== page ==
To the credit of Fonda-Fultonville Central School District administrators and the Board of Education, the district this week found a way to come up with a second budget proposal whose tax increase stays within the state-imposed cap without decimating programs and personnel.
The proposal, which will go to voters in June, would increase the tax levy by 3.5 percent, but the increase is down considerably from the nearly 8 percent levy hike included in the district's first budget proposal. Voters rejected the first budget, whose levy increase exceeded the tax cap.
When district officials proposed the 8 percent tax increase, they warned of potentially devastating budget reductions if voters rejected it. We've heard dire budget warnings from public officials before. Often, the situation isn't as severe as advertised. Usually, when there's a will to solve a public budget crisis, there's a way to fix it without crippling taxpayers or services. It's easier for public officials to go to the taxpayer well than to perform strategic surgery on a budget.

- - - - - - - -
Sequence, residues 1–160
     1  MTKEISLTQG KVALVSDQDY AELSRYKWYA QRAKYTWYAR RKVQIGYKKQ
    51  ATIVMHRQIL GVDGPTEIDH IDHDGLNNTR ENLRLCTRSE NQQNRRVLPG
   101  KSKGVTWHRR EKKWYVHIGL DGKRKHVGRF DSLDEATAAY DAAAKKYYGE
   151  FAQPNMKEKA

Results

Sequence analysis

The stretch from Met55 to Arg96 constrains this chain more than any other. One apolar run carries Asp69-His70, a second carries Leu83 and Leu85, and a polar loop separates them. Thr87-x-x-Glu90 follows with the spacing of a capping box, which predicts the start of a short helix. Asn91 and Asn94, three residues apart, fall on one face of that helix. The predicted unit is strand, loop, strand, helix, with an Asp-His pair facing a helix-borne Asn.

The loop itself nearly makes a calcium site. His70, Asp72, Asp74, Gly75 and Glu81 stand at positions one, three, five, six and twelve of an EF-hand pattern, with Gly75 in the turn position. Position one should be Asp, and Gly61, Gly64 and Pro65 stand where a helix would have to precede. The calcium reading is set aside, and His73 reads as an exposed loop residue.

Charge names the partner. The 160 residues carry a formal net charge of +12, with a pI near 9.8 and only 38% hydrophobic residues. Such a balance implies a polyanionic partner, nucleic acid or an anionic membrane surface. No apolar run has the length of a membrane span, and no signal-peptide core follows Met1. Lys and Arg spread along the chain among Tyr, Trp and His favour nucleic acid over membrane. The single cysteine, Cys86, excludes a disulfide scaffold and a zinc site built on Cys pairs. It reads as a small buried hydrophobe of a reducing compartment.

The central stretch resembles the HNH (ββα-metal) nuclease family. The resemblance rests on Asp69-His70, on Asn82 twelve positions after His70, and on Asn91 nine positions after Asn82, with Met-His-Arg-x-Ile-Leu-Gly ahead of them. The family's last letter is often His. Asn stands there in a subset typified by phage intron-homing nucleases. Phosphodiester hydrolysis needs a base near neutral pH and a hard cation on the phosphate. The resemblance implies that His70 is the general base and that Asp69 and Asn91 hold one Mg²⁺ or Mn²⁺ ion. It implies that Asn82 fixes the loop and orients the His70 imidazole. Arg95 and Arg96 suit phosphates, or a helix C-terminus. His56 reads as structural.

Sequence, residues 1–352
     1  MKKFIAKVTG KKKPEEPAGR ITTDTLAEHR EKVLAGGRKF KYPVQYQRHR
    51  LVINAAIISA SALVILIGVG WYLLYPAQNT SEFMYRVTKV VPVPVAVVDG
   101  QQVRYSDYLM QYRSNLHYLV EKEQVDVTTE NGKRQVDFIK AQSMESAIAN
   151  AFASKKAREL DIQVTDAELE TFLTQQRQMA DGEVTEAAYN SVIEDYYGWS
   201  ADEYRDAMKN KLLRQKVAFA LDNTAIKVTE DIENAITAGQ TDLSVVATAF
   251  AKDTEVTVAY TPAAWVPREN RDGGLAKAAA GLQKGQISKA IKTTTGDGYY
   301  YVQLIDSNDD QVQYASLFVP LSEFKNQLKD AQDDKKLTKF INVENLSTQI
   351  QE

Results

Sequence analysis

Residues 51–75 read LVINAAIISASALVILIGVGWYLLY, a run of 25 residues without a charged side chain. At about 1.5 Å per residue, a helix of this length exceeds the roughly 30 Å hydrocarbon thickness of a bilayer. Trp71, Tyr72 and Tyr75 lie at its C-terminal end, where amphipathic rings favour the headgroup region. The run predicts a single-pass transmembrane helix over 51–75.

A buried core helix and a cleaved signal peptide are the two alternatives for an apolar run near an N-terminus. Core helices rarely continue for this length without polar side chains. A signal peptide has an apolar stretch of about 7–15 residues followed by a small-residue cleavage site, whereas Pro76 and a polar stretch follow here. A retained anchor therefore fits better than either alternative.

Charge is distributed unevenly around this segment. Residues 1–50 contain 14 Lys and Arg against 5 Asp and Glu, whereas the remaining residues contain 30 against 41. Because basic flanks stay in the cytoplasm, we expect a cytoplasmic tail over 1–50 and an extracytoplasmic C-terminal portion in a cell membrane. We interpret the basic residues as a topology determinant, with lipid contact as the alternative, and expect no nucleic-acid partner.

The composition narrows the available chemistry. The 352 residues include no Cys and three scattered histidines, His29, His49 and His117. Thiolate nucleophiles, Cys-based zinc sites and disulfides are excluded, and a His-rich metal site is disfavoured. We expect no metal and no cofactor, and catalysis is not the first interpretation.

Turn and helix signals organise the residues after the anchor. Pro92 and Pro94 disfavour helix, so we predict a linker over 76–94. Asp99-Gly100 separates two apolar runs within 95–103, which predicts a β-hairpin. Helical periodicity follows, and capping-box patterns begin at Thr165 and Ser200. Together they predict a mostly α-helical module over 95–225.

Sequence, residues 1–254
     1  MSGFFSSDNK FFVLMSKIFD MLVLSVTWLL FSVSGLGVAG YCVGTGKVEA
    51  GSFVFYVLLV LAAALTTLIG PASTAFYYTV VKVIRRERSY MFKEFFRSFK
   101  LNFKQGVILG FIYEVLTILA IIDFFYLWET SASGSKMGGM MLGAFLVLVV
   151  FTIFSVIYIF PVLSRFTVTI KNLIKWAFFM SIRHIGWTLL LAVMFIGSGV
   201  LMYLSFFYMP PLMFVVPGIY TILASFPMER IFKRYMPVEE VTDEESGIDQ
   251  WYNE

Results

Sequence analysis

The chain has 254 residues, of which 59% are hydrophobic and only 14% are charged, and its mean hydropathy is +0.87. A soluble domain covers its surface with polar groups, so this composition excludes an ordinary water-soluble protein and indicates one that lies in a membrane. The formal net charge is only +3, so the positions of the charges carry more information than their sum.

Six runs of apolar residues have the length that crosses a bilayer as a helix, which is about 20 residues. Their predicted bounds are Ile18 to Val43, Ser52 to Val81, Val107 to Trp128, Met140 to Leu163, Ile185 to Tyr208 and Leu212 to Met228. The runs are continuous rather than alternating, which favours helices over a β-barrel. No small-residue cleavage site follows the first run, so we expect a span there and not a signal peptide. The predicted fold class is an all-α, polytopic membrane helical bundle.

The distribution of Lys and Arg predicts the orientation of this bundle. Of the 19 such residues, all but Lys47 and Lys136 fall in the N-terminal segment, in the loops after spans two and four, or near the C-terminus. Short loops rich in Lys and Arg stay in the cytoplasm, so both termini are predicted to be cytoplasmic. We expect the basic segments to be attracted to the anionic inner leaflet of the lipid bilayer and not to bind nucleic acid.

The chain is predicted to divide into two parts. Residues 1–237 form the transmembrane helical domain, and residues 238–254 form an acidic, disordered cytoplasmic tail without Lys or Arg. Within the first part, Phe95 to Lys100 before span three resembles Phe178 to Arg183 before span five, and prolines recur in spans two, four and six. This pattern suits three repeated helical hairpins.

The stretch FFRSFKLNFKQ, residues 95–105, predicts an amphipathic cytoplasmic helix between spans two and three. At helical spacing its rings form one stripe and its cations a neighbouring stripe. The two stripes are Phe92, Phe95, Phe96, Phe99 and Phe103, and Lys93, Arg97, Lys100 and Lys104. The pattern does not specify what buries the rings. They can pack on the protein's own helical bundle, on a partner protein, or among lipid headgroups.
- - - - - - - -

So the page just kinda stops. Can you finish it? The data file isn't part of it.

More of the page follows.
At Fonda-Fultonville, officials arrived at the 3.5 percent tax increase by cutting modified sports programs, consolidating roles to fill a buildings-and-grounds supervisor position, using $100,000 of the district's debt-service money and hiring someone from within the district to temporarily serve as superintendent for a year after the current superintendent leaves this year. The cuts won't be easy and the superintendent situation is less-than desireable, but the plan is manageable.
We don't know whether voters will approve the newly proposed school budget, but district officials have shown they can do the work to get the tax increase to a reasonable level without too many painful sacrifices.